How do you calculate permanent partial disability?


Quick Answer

There are various methods that may be used to calculate permanent partial disability benefits, depending on the extent and location of the injury as well as the state of residence. The most common method is to consult a "schedule of losses," a body part list denoting the number of weeks of compensation payable to a worker with a particular injury. Each state may use a different schedule of losses, but a single schedule is used across the whole state.

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Full Answer

The schedule of losses lists the number of weeks of compensation available for a particular injury. A week of compensation is equal to two-thirds of the worker's average weekly income at the time of the injury, capped at 55 percent of the average weekly wage in that state. If the injury results in only partial loss of a body part, the compensation is reduced accordingly. For example, a worker who loses half of the use of his hand receives 50 percent of the listed compensation. The schedule of losses is only used if the injury is easily quantifiable. For more complex injuries, such as those to the spinal cord or internal organs, one of several different approaches are used, depending on the state.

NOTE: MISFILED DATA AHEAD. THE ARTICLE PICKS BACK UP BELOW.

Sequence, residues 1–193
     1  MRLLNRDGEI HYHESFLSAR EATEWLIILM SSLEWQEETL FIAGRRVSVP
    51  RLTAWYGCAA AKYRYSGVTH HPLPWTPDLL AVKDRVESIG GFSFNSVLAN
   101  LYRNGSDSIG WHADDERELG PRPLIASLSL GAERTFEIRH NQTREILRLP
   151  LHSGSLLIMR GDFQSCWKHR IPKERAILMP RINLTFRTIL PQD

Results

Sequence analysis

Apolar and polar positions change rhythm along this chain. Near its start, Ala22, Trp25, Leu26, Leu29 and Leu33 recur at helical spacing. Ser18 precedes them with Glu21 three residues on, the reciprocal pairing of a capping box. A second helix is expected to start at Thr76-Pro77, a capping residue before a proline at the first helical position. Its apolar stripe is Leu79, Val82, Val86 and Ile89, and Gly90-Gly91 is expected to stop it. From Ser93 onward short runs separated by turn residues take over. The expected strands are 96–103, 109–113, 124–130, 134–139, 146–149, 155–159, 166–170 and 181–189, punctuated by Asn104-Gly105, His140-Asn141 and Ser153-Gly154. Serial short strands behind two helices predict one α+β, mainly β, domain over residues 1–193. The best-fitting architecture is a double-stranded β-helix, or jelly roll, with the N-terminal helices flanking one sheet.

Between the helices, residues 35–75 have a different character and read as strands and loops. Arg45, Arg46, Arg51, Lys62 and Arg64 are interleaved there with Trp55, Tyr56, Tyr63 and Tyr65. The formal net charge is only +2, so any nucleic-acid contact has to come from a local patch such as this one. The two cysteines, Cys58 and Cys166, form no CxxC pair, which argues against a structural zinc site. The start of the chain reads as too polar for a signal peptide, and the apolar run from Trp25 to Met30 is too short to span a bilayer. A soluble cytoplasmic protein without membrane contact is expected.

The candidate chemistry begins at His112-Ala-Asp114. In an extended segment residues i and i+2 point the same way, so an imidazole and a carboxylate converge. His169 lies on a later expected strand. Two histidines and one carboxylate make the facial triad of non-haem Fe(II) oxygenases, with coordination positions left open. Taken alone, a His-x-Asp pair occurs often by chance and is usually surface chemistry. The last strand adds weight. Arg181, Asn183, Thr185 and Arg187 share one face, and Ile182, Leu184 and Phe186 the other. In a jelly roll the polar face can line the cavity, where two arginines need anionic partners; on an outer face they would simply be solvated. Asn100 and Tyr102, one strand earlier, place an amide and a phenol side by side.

These "unscheduled losses" are generally approached in terms of impairment, loss of earning capacity, wage loss, or a combination of any of the three. Because the compensation for permanent injuries varies widely from state to state, it is important to seek legal advice when faced with a permanent partial disability worker's compensation case.

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